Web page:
A wave of change overruns Delhi’s ‘wonder market’
Till a decade ago, the Mehar Chand market in Lodhi Colony was called a “wonder market”. It earned the curious sobriquet because of tailors who specialised in altering and refitting old clothes, and attached the word “wonder” to their names to enhance their image.delhi Updated: Mar 17, 2013 00:18 IST
Till a decade ago, the Mehar Chand market in Lodhi Colony was called a “wonder market”. It earned the curious sobriquet because of tailors who specialised in altering and refitting old clothes, and attached the word “wonder” to their names to enhance their image.
Old timers say people not just from Delhi but as far as Jaipur and Jammu would come here to get their clothes altered for their sons and grandsons. “I had about 200 stitching machines, and we were so good in altering clothes that our clients considered it a wonder. But our business is now dead. The market itself has altered completely — it now has a whole new kind of visitors,” says Om Prakash, the 71-year-old owner of Om Tailor, First Wonder, a tailoring shop in the market.
The place has transformed itself over the past couple of years from being a market of tailors and tent-wallahs to a tony street boasting of independent design stores selling home decorations, gifts and memorabilia, boutiques, specialty bookstores and modish cafés. Om Prakash has put his shop on sale, as have most of the old shopkeepers.
The transformation that began a few years ago with the arrival of Café Coffee Day continues quietly, and old tailoring and grocery shops are giving way to fancy showrooms. In the past two years, half of the market’s 152 shops have been taken over by new stores. Take a walk in the market and you will see several signs pointing to where an old shop has shifted.
Inderjeet Singh, who diversified from tent to realty business in the market a few years ago, is a busy man these days. Every day, he takes about a dozen people around to show them shops on sale. “Most old shops are on sale or are available on rent. Among those who are looking to open showrooms here are young entrepreneurs, many of them designers,” says Singh, sitting in his plush office, done up recently to suit the taste of his new clients.
Old shopkeepers are happy with the transformation — they have either put their shops on sale or wish to let them out. The going rate for a 400sqft shop here is over Rs. 12 crore, while the rent for a shop of a similar size is Rs. 2-2.5 lakh. “Most of my old customers from Lodhi Colony have stopped coming. But I don’t mind. The money I will make by selling the shop was beyond my dreams,” says Mahendra Kumar, who runs Gujral Brothers, a general store started by his father in 1968. His brother sells undergarments on a makeshift stall in front of the shop.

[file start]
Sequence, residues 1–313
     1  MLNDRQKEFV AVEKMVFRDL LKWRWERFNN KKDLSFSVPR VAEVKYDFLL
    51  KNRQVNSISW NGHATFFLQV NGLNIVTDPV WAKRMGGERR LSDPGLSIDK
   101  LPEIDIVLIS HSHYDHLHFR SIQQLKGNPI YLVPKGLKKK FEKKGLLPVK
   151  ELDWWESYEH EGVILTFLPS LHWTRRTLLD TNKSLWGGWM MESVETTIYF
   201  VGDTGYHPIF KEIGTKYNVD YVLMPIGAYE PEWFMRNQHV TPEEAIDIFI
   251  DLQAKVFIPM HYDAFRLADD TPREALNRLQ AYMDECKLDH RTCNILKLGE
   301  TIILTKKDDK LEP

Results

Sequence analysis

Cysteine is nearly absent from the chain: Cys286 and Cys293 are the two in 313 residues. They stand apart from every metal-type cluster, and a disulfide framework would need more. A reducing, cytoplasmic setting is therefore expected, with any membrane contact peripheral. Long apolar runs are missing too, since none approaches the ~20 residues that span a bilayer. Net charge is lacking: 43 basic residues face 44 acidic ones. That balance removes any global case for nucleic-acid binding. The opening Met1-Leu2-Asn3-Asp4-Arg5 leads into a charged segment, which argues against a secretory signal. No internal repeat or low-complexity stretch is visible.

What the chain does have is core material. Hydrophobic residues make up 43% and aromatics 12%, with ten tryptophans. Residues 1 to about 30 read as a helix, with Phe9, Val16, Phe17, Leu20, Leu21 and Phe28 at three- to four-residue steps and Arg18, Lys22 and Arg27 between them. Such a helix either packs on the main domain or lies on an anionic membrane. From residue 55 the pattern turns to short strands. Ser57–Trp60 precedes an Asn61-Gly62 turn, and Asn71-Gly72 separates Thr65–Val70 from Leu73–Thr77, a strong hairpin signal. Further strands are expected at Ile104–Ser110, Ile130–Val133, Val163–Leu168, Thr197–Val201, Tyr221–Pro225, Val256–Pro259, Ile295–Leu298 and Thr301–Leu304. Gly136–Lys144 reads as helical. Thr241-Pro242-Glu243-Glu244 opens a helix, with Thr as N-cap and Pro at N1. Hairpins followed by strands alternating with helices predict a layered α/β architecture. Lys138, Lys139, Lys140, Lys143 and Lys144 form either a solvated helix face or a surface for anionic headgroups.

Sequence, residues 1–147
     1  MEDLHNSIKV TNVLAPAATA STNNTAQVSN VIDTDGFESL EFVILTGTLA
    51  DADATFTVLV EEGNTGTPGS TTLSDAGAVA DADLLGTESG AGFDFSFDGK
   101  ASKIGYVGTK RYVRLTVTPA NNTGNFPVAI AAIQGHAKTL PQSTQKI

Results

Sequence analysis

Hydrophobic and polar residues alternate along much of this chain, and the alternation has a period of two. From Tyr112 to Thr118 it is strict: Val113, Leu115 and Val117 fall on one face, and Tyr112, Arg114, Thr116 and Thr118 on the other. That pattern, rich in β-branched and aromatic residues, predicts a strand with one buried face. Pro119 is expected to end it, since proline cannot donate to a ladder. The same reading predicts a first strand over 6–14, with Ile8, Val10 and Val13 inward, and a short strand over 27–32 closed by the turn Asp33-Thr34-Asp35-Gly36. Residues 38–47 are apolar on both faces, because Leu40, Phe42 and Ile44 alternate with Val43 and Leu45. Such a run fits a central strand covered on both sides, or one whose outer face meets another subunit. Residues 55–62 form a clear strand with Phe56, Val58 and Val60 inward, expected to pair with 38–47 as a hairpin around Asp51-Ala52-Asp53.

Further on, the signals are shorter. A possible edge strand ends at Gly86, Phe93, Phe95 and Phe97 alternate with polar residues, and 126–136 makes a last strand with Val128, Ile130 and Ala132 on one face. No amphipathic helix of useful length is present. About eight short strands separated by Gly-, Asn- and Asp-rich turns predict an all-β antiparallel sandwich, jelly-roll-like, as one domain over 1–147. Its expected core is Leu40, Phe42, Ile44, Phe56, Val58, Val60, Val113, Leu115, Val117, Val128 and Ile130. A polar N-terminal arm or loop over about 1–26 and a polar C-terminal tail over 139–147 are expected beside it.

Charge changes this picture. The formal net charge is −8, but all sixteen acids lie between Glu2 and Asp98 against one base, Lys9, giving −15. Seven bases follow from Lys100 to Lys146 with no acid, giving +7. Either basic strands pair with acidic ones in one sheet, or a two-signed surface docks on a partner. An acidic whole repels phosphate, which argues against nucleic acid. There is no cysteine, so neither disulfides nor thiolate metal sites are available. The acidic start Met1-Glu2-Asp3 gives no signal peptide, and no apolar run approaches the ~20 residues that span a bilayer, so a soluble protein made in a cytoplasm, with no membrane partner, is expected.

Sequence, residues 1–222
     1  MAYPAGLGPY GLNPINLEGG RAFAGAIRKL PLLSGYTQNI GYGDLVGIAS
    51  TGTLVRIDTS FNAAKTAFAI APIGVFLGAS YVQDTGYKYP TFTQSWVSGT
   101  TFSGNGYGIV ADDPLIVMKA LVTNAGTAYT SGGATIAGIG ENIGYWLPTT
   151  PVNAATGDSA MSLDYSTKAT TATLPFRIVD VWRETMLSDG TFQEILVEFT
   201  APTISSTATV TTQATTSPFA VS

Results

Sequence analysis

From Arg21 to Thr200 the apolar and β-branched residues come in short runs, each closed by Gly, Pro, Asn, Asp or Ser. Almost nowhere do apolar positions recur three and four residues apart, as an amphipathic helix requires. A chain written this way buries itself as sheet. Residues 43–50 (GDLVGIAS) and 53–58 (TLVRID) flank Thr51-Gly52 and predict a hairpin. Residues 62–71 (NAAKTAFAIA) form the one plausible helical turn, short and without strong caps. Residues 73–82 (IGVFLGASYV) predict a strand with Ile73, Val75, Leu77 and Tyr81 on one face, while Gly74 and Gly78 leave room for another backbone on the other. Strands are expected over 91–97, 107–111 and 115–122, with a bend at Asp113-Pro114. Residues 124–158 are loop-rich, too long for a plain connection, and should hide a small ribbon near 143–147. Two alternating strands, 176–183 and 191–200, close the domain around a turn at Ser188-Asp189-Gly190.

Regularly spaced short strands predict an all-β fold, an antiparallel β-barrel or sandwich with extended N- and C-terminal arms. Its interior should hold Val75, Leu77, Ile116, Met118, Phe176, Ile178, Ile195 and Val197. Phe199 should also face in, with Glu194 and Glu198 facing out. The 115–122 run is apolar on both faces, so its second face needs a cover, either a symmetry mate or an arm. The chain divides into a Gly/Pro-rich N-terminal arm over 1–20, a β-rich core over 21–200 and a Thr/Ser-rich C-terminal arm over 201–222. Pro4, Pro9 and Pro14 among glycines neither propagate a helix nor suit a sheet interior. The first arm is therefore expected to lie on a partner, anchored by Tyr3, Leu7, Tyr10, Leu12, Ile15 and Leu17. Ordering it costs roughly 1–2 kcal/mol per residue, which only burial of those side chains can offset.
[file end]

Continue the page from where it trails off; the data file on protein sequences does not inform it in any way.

Ashok Sakhuja, president of the Mehar Chand Market Association, is happy with the elevation of the social and economic status of the shop owners. “Their families came from Pakistan after Partition and were given the plots by the government to help them settle down. They never saw big money because all these years, the market was just a neighbourhood shopping centre catering primarily to government servants living in the area,” says Sakhuja.
Those who are setting up shops here swear by the potential of the market, and believe that by the end of this year the transformation of the place will be complete. “In a city increasingly dominated by malls, the Mehar Chand Market is all set to become a unique marketplace with an eclectic set of independent stores with distinct identities. The Hauz Khas village is turning into a food and beverage place, while the Mehar Chand Market will become more of a design-centric destination,” says Gautam Sinha, a product designer. Sinha opened his store Nappa Dori, specialising in handcrafted home and fashion accessories, six months ago in the market.
His view is echoed by another young designer-entrepreneur, Him-anshu Dogra, who opened Play Clan, a store which combines fashion, art and design, in 2011. “Most of my clients are those looking for exclusive products and like to patronise independent stores in high streets. A lot of my clients are foreigners,” says Dogra. Most of the owners of new stores say that one of the reasons they chose the market is its proximity to places such as Chankayapuri, Golf Links and Jor Bagh, that is their “catchment areas”.
The sudden demographic shift in the area has led to tense undercurrents between the dwellers in a slum settlement behind the market and owners of new shops that come to the fore once in a while when burglaries take place in the area. “We have been asking the government to remove the slum,” says Sakhuja. Manish Kumar, an artist from Mumbai, says the market presents fascinating urban contrasts. “Currently, it combines the poor and the posh, downmarket and upmarket. I like the quaint appeal and retro charm of the market. Every time I visit, it surprises me with a new quirky store. It is a work in progress.”